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The Democratic Strategist

Political Strategy for a Permanent Democratic Majority

A Question of Trust: Part Deux

On February 9, DR reviewed results from the latest CNN/Time poll which suggested that the bond of trust between Bush and the American public is undergoing serious erosion. Today, we have results from the just-released ABC News/Washington Post poll which show the same thing, only more so.
By 12 points (54 percent to 42 percent), the public now thinks the Bush administration intentionally exaggerated its evidence that Iraq had WMD. And, by 53 percent to 35 percent, the public thinks the issue of how the administration used intelligence is more important than the accuracy of the intelligence they received.
And here are some very significant figures: just 52 percent now think Bush is “honest and trustworthy”, compared to 45 percent who don’t. That’s down from a 70/26 split on the same question right after the 2002 elcections. And even on “is a strong leader”, he is now at 61 percent yes/38 percent no, a considerable drop from a 74/25 split on the question in April of last year, after the US army took Baghdad.
Speaking of the war in Iraq, the poll finds more people saying the war was not worth fighting (50 percent) than say it was (48 percent). This is the first time this question has been net negative and is down from a 70/27 split in favor of the war being worth it in late April of last year. This is a particularly significant finding since the Post question, as with a recent Gallup finding, makes no specific mention of the costs of war (lives, money, etc.).
Turning to Bush’s approval numbers, the poll, as DR mentioned yesterday, has his overall rating down to 50 percent, with 47 percent approval. Now, since the Post poll generally runs 5 points or so higher than other public polls on his approval rating (recent example: in the middle of last month, the Post had his approval rating at 58 percent while everybody else was around 53 percent), this suggests his approval rating is really tanking.
On Iraq, his ratings have taken a huge hit, down from 60 percent approval/39 percent disapproval in the middle of last month to 47 percent approval/52 percent disapproval now. That means he’s gone from a net +21 to a net -5, a swing of 26 points, in less than two months.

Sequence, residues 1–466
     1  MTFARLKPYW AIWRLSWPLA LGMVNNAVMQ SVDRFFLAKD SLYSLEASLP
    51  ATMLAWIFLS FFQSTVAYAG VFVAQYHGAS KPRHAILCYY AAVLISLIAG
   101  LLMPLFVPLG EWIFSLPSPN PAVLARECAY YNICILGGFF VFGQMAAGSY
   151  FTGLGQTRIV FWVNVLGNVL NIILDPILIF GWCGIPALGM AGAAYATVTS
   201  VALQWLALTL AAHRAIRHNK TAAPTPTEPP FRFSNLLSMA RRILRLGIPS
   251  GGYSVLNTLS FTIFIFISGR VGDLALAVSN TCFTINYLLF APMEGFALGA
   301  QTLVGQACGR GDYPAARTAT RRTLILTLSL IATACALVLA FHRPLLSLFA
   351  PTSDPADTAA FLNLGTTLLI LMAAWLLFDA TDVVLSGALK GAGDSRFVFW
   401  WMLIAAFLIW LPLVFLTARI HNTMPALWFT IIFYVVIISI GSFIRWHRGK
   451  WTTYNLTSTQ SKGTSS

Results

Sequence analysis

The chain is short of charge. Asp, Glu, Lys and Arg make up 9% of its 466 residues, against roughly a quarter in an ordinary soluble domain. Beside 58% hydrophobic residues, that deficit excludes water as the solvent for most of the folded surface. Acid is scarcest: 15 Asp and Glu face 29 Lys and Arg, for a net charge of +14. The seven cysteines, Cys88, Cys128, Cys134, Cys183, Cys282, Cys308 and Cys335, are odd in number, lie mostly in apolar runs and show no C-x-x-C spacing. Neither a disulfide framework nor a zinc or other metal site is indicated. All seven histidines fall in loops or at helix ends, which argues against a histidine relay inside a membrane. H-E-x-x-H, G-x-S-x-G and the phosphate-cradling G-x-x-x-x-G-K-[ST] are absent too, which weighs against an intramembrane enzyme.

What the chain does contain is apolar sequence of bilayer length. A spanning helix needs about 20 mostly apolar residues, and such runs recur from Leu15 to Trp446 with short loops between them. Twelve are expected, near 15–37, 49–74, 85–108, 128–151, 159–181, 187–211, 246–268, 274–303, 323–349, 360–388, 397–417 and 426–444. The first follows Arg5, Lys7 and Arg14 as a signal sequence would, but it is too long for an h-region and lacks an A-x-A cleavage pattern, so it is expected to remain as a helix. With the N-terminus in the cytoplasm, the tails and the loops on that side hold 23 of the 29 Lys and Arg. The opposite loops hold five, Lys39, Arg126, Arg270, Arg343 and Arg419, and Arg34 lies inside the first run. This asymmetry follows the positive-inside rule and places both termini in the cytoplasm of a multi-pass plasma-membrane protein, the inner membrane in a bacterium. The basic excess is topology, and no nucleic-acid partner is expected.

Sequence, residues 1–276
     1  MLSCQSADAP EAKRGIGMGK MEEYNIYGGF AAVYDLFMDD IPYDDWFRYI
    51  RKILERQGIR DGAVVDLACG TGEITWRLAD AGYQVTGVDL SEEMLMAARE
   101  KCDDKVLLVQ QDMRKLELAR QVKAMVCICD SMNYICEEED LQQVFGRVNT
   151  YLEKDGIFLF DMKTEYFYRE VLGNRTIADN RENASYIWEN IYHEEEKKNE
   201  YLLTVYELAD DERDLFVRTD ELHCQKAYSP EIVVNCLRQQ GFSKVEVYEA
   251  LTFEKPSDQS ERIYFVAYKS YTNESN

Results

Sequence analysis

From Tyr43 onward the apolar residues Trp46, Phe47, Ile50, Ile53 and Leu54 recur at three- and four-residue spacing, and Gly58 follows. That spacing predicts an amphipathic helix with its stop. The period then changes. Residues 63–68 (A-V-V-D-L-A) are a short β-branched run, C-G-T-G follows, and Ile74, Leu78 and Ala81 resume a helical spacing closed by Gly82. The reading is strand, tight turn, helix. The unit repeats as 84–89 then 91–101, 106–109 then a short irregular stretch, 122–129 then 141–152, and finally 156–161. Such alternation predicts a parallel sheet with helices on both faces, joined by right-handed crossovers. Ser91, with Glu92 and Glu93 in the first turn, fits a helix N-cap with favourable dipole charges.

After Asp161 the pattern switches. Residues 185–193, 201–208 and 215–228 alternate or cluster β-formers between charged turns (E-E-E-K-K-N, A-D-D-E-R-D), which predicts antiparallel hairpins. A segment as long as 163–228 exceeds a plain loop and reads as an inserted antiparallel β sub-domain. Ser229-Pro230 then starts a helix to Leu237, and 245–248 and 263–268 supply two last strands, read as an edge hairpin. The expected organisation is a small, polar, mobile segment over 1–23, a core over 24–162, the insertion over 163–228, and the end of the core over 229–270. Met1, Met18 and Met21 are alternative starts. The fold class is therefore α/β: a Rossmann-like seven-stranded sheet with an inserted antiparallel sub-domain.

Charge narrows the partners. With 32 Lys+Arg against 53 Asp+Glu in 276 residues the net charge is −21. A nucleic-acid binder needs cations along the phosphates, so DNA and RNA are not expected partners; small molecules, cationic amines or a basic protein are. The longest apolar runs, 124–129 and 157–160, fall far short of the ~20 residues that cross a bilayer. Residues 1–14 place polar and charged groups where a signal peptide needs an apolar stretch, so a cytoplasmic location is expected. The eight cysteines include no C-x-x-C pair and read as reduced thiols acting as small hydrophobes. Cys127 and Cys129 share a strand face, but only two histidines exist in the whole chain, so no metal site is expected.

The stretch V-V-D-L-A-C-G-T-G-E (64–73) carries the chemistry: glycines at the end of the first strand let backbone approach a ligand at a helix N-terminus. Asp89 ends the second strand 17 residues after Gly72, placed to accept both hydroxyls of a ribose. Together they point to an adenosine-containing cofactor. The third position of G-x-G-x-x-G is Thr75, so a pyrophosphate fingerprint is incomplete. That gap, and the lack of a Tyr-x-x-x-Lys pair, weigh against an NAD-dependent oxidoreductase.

His other approval ratings are also poor, with the exception of handling the US campaign against terrorism, where he still gets 64 percent approval (though even that’s down 15 points from late April of last year). For example, his rating on the economy is down to 44 percent approval/54 percent disapproval. That’s hardly a surprise when 85 percent of the public says most Americans are not better off financially than they were when Bush took office.
In addition, his rating on education is down to 47 percent approval/45 percent disapproval (by far his worst rating ever in this area), his rating on creating jobs is a horrendous 38 percent disapproval/57 percent disapproval land and on the “cost, availability and coverage of health insurance”, he is scraping the bottom with a rating that is net negative by 30 points (32/62).
No wonder John Kerry is faring so well when matched up against Bush these days. He’s preferred over Bush by 18 points on the cost, etc. of health insurance, by 14 points on creating jobs, by 9 points on education and by 8 points on the economy. And in the two areas where he currently trails Bush, the situation in Iraq and the US campaign against terrorism, he is actually doing quite a bit better than the Democrats were doing in matchups with Bush in the middle of last month (Kerry v. Bush, of course, wasn’t being asked at the time)
On Iraq, Democrats were trailing Bush by 20 points last month; Kerry trails by only 7 points (48-41). And on the campaign against terrorism, Democrats were trailing by 29 points and Kerry trails by only 16 (53-37).
Finally, as mentioned yesterday, Kerry leads Bush by 9 points among registered voters in an election trial heat (52-43). Ah, but does this really mean Kerry’s electable or are voters just talking themselves into something, as New Republic writers believe it is their mission in life to point out? (What’s next–Diary of a Kerry-o-phobe?)
DR will tackle this controversy in a future post. For the time being, however, he says to these sourpusses: turn those frowns upside down! Good news is good news and positive signs are positive signs. Sometimes the simplest explanations are the best (remember Occam’s razor?): Bush is vulnerable and Kerry could beat him (though obviously it’s a long way to November, blah, blah, blah).
OK: end of sermon. Now TNR can get back to pointing out what fools the voters are and how equally foolish the rest of us are for taking them seriously.

14 comments on “A Question of Trust: Part Deux

  1. Sara on

    Kerry is about as well tested on reproductive rights and other women’s issues as one could get. He has an excellent voting record throughout his Senate Career, and can easily argue that since his state elects “Right to Choice” members of the House and Senate — he votes the position of those who elected him.
    I also have a sneaky suspicion that this time round many people are not exactly interested in taking advice on civil policy regarding sexual issues from the Boston Archdiocese. Kerry’s record of a degree of independence over the years is probably a distinct asset.
    Single issue anti-choice voters would never vote for Democrats — we lost them 25 years ago, but in fact they are a fairly small minority. Anti-Choice voters with an equal interest in many other fairly progressive matters (War, Economy, Education, environment, etc.,) are much more numerous, and what Kerry has to do is make all the other matters so salient, his reporductive rights record does not rise to a priority matter. A near 50-50 split on one issue does not totally characterize any electorate.

  2. rt on

    Well, if the issue of how his Catholicism squares with his pro-choice issues comes up–and I don’t see why he would bring it up–doesn’t he give the answer JFK I gave? That on issues of public policy he does not speak for the Church, nor does the Church speak for him.